Board Certified Family Law Specialist Matt Arnold answers the question: “Can I get the judge to order my spouse to pay my attorney’s fees in a property division case?”
Though initial reports indicated that Brad Pitt and Angelina Jolie did not have a prenuptial agreement, that appears to have been inaccurate. Various papers are now reporting the two signed an agreement before marrying which lays out how their assets will be divided in the event of an eventual divorce. Though some feel the approach may not be the most romantic, it’s certainly useful, especially in the case of Brad and Angelina who some experts believe have a combined marital estate worth upwards of $400 million.
Though few of us will ever know the hardships of dividing $400 million, the same lessons can apply to our slightly more meager circumstances. Prenuptial agreements are good ideas for nearly all couples, not just celebrities. The benefit of a prenup is that it allows couples to make informed decisions about how to divide assets in advance of a split, hopefully allowing cooler heads to prevail. This can be beneficial for many couples, but it comes with special benefits for certain groups.
The first group of people who benefit tremendously from prenuptial agreements are those like Brad and Angelina: people with high incomes or a large number of valuable assets. These people are especially incentivized to take steps to protect their assets as they know in advance there is great potential for a brawl should the marriage fail to go the distance. Rather than risk having your assets divided up in a nasty divorce battle or put your money in the hands of a randomly selected judge, prenups allow you to take steps in advance of trouble to secure your financial future.
A second group that benefits from prenuptial agreements are those on their second or third marriage (also like Brad and Angelina). These people have experienced firsthand how disruptive divorce can be and, given their age, have likely accumulated assets that they want to see protected in case a divorce should occur. Those on second or third marriages may also have children from previous relationships to look after and want to ensure that their children, rather than the new spouse or step kids, are taken care of in case something bad should happen. Again, the prenup allows you to stop worrying and solve problems before they arise.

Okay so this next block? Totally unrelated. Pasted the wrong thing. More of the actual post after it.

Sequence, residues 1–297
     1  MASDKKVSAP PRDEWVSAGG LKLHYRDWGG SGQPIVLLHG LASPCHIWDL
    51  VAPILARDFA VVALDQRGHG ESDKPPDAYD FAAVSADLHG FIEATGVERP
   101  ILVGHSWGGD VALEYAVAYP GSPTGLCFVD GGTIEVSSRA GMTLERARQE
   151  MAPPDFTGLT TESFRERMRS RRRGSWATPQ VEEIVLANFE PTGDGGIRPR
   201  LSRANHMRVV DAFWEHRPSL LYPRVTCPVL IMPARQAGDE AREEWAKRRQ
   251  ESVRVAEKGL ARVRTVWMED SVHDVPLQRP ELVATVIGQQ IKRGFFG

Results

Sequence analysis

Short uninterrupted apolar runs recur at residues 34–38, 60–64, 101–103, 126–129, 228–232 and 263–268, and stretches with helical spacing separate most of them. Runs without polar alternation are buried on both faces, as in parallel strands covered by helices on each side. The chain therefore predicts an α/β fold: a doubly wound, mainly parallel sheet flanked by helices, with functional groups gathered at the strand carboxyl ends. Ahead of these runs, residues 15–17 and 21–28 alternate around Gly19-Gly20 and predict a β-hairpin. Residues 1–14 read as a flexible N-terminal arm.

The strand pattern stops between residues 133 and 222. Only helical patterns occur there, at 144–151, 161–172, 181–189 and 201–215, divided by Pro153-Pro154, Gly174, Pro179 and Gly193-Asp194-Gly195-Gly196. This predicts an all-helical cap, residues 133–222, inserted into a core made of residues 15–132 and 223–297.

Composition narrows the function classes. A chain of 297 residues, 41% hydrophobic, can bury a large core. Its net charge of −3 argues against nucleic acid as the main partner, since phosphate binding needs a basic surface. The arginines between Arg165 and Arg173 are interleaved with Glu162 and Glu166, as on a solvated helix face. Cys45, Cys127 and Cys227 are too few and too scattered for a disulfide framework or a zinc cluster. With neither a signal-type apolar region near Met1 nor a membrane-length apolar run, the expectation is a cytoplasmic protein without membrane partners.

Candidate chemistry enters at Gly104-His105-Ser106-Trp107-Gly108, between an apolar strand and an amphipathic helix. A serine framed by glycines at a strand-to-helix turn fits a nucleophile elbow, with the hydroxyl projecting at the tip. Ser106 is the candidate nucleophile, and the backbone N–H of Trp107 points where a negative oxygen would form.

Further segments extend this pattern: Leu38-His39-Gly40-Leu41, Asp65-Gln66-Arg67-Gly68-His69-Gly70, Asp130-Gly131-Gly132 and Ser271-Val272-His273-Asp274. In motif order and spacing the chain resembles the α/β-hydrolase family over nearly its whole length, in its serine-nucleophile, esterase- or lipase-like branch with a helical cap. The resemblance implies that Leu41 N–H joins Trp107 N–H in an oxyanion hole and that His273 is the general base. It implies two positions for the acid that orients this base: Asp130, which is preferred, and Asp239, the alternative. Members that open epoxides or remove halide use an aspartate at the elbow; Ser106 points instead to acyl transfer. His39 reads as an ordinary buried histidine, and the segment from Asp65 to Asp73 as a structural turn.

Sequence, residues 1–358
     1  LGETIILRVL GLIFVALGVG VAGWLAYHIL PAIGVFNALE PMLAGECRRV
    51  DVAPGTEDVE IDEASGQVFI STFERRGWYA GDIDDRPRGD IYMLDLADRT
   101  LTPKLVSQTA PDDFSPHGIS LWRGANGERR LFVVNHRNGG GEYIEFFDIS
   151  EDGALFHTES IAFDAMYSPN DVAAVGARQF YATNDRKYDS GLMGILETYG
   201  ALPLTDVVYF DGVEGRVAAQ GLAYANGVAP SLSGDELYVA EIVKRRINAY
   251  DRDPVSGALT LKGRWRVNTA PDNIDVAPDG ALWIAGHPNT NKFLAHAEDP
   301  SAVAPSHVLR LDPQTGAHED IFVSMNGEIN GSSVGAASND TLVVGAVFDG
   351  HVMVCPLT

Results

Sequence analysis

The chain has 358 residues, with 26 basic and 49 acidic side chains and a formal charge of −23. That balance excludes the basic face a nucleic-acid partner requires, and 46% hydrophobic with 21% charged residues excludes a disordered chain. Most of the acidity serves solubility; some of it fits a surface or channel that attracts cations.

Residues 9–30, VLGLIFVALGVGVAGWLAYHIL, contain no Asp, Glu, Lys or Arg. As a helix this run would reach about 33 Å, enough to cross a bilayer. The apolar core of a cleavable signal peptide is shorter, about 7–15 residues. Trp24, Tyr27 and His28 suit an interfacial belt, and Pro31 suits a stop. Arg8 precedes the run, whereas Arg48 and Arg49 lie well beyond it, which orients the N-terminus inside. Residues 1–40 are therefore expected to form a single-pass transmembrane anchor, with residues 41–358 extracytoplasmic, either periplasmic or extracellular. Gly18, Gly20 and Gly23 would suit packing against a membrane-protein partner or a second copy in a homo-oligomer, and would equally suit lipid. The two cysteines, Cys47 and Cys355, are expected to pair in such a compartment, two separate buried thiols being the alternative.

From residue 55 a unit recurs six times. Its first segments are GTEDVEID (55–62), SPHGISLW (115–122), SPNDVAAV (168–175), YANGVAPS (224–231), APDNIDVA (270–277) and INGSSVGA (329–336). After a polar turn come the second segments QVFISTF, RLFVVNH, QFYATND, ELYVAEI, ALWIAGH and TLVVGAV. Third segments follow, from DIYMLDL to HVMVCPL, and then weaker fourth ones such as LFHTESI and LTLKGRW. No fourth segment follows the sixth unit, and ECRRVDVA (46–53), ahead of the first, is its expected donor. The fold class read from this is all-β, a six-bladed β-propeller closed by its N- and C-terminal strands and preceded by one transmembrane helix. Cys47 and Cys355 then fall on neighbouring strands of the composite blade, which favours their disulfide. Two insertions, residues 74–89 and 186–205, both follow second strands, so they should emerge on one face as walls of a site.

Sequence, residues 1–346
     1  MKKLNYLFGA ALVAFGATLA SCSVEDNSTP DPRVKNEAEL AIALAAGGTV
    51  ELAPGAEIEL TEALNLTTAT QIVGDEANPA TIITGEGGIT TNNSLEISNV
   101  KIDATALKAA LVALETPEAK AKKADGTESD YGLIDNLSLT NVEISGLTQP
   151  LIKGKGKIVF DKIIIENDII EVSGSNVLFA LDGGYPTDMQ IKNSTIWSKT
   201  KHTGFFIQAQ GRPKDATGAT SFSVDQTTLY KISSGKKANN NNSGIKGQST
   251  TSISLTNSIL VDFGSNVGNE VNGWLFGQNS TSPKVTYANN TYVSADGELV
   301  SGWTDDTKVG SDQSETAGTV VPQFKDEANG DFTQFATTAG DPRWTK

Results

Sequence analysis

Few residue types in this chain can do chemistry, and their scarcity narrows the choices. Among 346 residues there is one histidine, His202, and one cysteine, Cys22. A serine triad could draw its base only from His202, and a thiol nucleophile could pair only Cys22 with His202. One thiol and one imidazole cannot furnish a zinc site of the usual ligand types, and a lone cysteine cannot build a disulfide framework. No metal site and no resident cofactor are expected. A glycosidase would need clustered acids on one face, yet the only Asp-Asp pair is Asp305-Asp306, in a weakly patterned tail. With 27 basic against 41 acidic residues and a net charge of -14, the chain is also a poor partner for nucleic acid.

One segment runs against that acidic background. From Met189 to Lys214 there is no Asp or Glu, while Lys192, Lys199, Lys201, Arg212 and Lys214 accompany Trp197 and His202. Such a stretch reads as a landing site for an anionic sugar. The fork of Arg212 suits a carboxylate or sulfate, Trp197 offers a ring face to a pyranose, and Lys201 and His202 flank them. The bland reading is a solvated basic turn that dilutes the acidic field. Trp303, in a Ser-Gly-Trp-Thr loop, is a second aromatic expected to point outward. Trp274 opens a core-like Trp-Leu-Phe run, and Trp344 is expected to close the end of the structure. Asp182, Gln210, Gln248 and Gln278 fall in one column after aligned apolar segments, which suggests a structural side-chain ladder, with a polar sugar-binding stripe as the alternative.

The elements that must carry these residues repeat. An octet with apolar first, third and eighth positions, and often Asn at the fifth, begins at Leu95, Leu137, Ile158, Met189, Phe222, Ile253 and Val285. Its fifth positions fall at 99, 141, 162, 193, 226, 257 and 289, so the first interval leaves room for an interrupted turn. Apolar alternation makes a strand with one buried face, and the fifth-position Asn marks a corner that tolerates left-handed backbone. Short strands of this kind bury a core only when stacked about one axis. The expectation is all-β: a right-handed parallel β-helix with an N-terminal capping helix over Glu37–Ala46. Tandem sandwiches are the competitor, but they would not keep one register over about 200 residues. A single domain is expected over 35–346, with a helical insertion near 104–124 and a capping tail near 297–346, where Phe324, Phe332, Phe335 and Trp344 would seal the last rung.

A final group that can really benefit from a prenuptial agreement may come as a surprise: young couples. Though people often think prenups are only for those with lots of money or children to protect, prenups can be incredibly useful for those just starting out. Prenuptial agreements allow you to make plans for future wealth, money that you may earn during your marriage or inherit. These agreements serve as a kind of insurance, protecting you and shielding your assets from future uncertainty. Though you may not yet have anything worth protecting, you don’t know what the future holds and after several decades have passed, you may dearly wish you had taken the time to allocate assets in advance, taking away the stress and uncertainty of a nasty divorce.
If you find yourself facing a complicated family law matter, then you need the help of experienced family-law attorneys in Charlotte, North Carolina who can help guide you through the often confusing process of divorce. Please contact Arnold & Smith, PLLC today at (704) 370-2828 or find additional resources here.
About the Author
Matthew Arnold is a Managing Member of Arnold & Smith, PLLC, where he focuses on the areas of family law, divorce, child custody, child support, alimony and equitable distribution.
Mr. Arnold was raised in Charlotte, where he graduated from Providence Senior High School. He attended Belmont Abbey College, where he graduated cum laude, before attending law school at the University of North Carolina at Chapel Hill on a full academic scholarship.
A certified Family-Law Specialist, Mr. Arnold is admitted to practice in all state and administrative courts in North Carolina, before the United States District Court for the Western District of North Carolina, and before the Fourth Circuit Court of Appeals in Richmond, Virginia.
In his free time, Mr. Arnold enjoys golfing and spending time with his wife and three children.
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